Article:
My mother took the broken ratchet back to K Mart to get a new one under warranty only to find out the warranty was only on the sockets. So here I am forty-four years later still using these same sockets albeit with a Craftsman ratchet.
These sockets went through the war and back again as I used them at my first job at a John Deere dealership when I was fifteen years old working on lawn equipment and snowmobiles, many car projects, and even when I built my first race car. It's a little ironic that you can buy Craftsman tools at K Mart today and these two names intersected forty-four years ago in my early project. By the way, none of the sockets have broken to date!
The five-piece wooden-handled screwdriver set
Next is a set of wooden handled screwdrivers I had purchased while working at the John Deere dealership in New Holland, PA. The New Holland Sales Stables were right beside the John Deere shop where I got a job when I was just fifteen years of age. I had my small collection of tools to work on lawn equipment, chain saws, and snowmobiles. After getting my first paycheck, me and another older mechanic walked next store to the sales stables which had many vendors set up in a flea market style of tables displaying their wares. We had a steak sandwich and a soda pop for lunch and then we browsed the vendors’ tables. That is when I spotted the five-piece wooden-handled screwdriver set. I had to have the screwdrivers as mine were in short supply and pretty well worn out. I still remember how good it felt to purchase my own lunch and these screwdrivers with my own money from a real job. I still have two or three of these screwdrivers in my toolbox.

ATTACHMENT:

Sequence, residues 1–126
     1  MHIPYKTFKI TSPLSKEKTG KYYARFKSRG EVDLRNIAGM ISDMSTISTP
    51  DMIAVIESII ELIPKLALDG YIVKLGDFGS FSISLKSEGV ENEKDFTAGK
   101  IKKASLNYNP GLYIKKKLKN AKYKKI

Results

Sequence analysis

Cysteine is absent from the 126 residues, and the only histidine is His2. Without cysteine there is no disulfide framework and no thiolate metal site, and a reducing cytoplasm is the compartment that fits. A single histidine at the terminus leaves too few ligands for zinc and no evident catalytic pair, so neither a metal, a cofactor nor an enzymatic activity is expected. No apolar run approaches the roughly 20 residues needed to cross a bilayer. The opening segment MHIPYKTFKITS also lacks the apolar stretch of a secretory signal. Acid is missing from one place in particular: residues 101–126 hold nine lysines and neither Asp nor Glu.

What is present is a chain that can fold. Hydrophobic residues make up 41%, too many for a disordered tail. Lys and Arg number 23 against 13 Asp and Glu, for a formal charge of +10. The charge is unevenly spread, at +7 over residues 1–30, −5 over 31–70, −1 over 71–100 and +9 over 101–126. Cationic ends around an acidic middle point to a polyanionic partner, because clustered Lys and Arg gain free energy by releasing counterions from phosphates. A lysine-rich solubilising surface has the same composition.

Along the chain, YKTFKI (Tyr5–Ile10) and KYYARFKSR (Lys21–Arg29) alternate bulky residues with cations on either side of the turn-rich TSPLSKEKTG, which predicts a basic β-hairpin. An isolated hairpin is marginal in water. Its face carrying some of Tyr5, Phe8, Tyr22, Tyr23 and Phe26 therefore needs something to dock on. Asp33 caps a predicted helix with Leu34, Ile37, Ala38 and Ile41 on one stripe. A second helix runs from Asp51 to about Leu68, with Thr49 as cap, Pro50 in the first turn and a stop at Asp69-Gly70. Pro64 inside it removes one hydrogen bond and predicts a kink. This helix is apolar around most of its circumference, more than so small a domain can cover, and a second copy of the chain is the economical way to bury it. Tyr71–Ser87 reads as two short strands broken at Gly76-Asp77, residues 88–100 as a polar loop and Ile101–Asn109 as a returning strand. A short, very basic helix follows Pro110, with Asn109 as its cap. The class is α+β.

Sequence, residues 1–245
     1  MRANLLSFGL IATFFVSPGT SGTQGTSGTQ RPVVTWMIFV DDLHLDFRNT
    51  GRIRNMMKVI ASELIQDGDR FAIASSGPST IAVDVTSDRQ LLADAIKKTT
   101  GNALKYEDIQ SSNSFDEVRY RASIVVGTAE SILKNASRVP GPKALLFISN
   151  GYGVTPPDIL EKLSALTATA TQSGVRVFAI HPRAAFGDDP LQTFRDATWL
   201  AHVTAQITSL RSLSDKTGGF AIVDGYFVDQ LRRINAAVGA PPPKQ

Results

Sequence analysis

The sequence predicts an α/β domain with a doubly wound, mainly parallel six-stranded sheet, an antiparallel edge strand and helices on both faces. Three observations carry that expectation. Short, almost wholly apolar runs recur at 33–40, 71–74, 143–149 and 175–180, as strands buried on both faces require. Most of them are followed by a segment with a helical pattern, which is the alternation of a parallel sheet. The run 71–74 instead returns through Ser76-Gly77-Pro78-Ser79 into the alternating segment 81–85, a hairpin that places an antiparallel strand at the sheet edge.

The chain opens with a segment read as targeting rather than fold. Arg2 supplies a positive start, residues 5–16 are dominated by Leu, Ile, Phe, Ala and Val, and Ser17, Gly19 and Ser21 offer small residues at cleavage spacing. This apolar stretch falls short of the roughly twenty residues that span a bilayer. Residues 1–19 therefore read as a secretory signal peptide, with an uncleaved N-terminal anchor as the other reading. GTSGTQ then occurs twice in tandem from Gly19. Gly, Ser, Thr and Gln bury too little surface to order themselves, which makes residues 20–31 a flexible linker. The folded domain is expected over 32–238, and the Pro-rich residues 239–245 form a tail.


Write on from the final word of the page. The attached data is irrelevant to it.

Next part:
The Stanley ½'' X 3/8” offset combination wrench